But while this programme may be initially focused on our requirements for the 2020s, we must also look to the 2030s and beyond.
You know how busy the Royal Navy is and I won’t labour the point, suffice to say international security is becoming more challenging, threats are multiplying and demands on the navy are growing.
Added to this is that, as we leave the European Union, the UK is looking to forge new trading partnerships around the world.
Put simply, Global Britain needs a global Navy to match.
It is therefore significant that the government has stated in its manifesto, and again through the National Shipbuilding Strategy, that it views the Type 31e as a means to grow the overall size of the Royal Navy by the 2030s.
If we can deliver a larger fleet, then we can strengthen and potentially expand the Royal Navy’s reach to provide the kind of long term presence upon which military and trading alliances are built.
This is a hugely exciting prospect, but we must first master the basics.
We can all think of examples of recent projects which have begun with the right intentions, only for timescales to slip, requirements to change and costs to soar.
As Sir John Parker highlighted in his report last year, we end up with a vicious cycle where fewer, more expensive, ships enter service late, and older ships are retained well beyond their sell by date and become increasingly expensive to maintain.
So we need to develop the Type 31e differently if we’re going to break out of that cycle.
We’ve said that the unit price must not exceed £250 million.
For the Royal Navy, this means taking a hard-headed, approach in setting our requirements to keep costs down, while maintaining a credible capability, and then having the discipline to stick to those requirements to allow the project to proceed at pace.
It also means playing our part to help win work for the UK shipbuilding sector from overseas.
So the challenge is to produce a design which is credible, affordable and exportable.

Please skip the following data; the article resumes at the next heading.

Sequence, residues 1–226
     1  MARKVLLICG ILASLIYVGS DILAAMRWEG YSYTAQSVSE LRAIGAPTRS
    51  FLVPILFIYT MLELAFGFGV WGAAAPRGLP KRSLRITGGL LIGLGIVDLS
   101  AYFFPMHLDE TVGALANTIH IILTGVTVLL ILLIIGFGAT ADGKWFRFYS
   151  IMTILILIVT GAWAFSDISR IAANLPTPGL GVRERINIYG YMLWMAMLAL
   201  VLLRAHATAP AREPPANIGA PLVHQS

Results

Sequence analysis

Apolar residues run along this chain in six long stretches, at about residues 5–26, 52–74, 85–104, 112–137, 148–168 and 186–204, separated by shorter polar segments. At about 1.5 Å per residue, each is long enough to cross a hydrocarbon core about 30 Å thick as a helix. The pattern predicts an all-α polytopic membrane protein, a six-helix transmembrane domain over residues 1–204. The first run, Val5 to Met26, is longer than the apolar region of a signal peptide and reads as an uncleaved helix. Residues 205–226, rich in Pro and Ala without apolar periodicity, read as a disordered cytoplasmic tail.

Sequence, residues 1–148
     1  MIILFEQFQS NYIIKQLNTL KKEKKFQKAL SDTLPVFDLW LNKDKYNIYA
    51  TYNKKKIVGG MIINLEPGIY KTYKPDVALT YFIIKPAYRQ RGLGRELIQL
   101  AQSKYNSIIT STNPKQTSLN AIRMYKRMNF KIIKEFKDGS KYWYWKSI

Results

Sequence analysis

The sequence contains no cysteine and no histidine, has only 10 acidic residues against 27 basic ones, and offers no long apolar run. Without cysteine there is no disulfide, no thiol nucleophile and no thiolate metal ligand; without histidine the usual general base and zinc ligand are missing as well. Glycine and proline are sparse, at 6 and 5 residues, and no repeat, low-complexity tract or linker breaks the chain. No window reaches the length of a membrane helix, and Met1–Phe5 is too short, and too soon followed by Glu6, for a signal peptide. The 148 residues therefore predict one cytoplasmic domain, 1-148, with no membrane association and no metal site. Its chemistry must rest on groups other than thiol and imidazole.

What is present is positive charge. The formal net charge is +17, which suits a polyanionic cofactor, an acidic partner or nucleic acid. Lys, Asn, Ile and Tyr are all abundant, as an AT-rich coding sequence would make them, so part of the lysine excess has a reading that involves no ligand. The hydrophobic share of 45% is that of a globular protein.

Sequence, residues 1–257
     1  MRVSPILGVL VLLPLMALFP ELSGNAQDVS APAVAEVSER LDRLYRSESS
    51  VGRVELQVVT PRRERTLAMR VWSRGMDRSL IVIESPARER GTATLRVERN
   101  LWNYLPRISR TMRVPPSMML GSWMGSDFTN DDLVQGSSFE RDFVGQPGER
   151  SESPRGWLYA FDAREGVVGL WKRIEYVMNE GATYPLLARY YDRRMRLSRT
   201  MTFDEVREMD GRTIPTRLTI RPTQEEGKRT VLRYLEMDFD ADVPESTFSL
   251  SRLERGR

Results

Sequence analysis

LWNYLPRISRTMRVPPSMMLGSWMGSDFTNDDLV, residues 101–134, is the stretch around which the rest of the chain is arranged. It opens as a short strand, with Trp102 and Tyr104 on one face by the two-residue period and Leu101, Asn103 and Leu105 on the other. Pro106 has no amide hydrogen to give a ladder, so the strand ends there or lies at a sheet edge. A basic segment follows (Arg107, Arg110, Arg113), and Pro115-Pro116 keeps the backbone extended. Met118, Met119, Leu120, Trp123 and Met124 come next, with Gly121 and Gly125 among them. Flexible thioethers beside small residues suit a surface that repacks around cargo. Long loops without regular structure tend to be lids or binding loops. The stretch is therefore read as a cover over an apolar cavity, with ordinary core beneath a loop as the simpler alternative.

Adaptability is key, we need a design based on common standards, but which offers different customers the ability to specify different configurations and capabilities without the need for significant revisions.
So while it may be necessary to make trade offs in the name of competitiveness, export success means longer production runs, greater economies of scale and lower unit costs, and therein lies the opportunity to increase the size of the Royal Navy.
With a growing fleet it would be perfectly possible for the Royal Navy to forward deploy Type 31e frigates to places like Bahrain Singapore and the South Atlantic, just as we do with some of our smaller vessels today.
If our partners in these regions were to buy or build their own variants, then we could further reduce costs through shared support solutions and common training.
And because of the Royal Navy’s own reputation as a trusted supplier of second hand warships, we could look to sell our own Type 31’s at the midpoint of their lives and reinvest the savings into follow-on batches.
So by bringing the Royal Navy’s requirements in line with the demands of the export market, we have the opportunity to replace the vicious circle with a virtuous one.
And beyond the Type 31e, the benefits could apply to the Royal Navy’s longer term requirements, beginning with the fleet solid support ship but also including our future amphibious shipping and eventually the replacement for the Type 45 destroyers as well as other projects that may emerge.
Ultimately, the prize is a more competitive and resilient industrial capacity: one that is better able to withstand short term political and economic tides and can serve the Royal Navy’s long term needs.
So, in drawing to a close, I believe we have a precious opportunity before us.
My father worked at the Cammell Laird shipyard for over 40 years. It was visiting him there as a schoolboy and seeing new ships and submarines taking shape that provided one of the key inspirations for me to join the Royal Navy, nearly 40 years ago.
And yet, for most of my career, the fleet has become progressively smaller while the UK shipbuilding sector contracted to such an extent that it reached the margins of sustainability.
But with the Queen Elizabeth class carriers, and the 6 yards involved in their build, we demonstrated that shipbuilding has the potential to be a great British success story once again.
Far beyond Rosyth, we’ve seen green shoots emerging in shipbuilding across the country, and throughout the supply chain, driven by a new entrepreneurial ambition.
Now the National Shipbuilding Strategy has charted a bold and ambitious plan to capitalise on that and reverse the decline.
And in the Type 31e, we have the chance to develop a ship that can support our national security and our economic prosperity in the decades to come.
The navy is ready and willing.
Now we look to you, our partners in industry, to bring your expertise, your innovation and your ambition to bear in this endeavour.